Dear supporters, correspondents, and the Tucson community,
Many of you already know that I will run for a third term on the TUSD board.
My primary concern, when first joining the board, was that many high school graduates entering UA lack the skills to succeed after 12,000 hours of K-12 education. (I see this in my classes at UA and as a member of the university’s General Education Committee.) Eventually I realized that Tucson’s students and their families, teachers, businesses, the higher education community, and taxpayers all suffer from TUSD’s low expectations and inefficiency. The current board majority serves mainly as cheerleaders for the superintendent, and the problems remain. Fixing them is critical for all students’ futures and for Tucson’s economic health. We should stand together in demanding better.
TUSD does have recent successes. It has made progress toward developing a coherent curriculum, though progress is uneven and there is far to go. Many schools express gratitude for the recent purchases of “leveled” reading libraries and more computers on wheels. TUSD has many exemplary teachers and principals, and some TUSD schools (not just University High School) perform very well.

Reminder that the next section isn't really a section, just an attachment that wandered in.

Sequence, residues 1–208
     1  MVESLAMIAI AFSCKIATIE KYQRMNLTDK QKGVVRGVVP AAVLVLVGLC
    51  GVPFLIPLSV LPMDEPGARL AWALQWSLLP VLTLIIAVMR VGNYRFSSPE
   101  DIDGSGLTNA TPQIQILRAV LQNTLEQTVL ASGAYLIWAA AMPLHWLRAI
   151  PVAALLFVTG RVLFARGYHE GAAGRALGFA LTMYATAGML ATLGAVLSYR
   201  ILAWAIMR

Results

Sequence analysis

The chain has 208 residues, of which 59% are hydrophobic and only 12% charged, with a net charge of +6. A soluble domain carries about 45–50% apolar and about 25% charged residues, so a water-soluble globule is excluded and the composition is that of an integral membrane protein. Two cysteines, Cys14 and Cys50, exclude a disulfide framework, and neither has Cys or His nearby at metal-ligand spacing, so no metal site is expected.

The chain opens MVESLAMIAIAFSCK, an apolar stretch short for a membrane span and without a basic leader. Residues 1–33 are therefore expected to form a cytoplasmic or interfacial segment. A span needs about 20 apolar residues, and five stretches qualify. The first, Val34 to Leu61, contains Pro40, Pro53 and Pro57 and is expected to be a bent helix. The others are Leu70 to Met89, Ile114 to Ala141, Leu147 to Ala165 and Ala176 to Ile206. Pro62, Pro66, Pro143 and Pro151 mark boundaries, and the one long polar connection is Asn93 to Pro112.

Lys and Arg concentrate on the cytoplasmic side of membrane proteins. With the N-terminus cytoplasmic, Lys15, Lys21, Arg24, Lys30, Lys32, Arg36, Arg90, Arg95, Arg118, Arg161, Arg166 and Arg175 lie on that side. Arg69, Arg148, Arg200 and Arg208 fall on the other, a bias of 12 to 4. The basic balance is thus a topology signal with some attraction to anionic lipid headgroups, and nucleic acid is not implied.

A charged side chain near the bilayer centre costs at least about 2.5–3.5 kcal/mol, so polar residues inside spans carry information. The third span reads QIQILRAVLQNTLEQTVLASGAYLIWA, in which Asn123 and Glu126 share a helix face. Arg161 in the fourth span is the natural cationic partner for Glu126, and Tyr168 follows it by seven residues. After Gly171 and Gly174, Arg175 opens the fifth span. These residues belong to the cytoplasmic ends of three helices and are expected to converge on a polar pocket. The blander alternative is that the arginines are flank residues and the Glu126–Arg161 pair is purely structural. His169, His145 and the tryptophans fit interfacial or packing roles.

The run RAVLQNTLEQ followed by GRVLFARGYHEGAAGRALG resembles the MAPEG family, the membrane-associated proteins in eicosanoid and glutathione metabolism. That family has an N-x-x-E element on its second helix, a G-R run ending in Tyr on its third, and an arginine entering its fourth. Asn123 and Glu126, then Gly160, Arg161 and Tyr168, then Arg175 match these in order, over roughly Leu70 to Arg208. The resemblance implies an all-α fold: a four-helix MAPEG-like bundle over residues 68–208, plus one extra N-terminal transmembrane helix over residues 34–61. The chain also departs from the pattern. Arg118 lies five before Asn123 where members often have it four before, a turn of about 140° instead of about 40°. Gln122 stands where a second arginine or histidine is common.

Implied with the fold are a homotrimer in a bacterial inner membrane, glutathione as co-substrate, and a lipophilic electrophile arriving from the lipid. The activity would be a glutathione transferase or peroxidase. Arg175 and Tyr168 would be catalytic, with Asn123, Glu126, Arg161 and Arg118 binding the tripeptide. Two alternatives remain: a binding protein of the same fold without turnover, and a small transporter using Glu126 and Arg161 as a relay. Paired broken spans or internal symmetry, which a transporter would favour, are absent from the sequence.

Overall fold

Yet despite these bright spots, TUSD has deep cultural and structural problems. These include:
Abusive and disruptive student behavior, which damages the educational climate in many schools. I wrote about this in an earlier letter (attached). This causes teachers and families to flee.
High and rising administrative costs, which deprive schools of much-needed resources. Over the past two years the number of central administrators has grown by 22%, and money spent on instruction (“classroom spending”) has sunk to an all-time low of 48.7% of the budget. Six other Arizona districts have more than 30,000 students, and they spend from 57% to over 61% on instruction. (Sources: TUSD’s external auditors; the state Auditor General’s office.)
The superintendent’s compensation is part of higher administrative costs. Last year the board majority (Grijalva, Foster, Juarez) raised his pay for the current year by about 27%. If he again gets his full bonus then his compensation will be $443,100, plus 50 paid vacation days that can be redeemed for $1,000 per day if unused. He is, by far, the highest-paid superintendent in Arizona. TUSD’s performance does not justify this.
TUSD has also lost financial credibility. At the end of the year TUSD’s leadership publicly claimed to have spent about 50.2% in the classroom, but the Auditor General’s report shows that this was off by more than $5 million. The board majority ejected two senior members of the volunteer audit committee and secretly packed it with spouses of employees, violating the committee’s charter. Moreover, the board has for years stalled the hiring of an internal auditor, ignoring the recommendations of two management audits.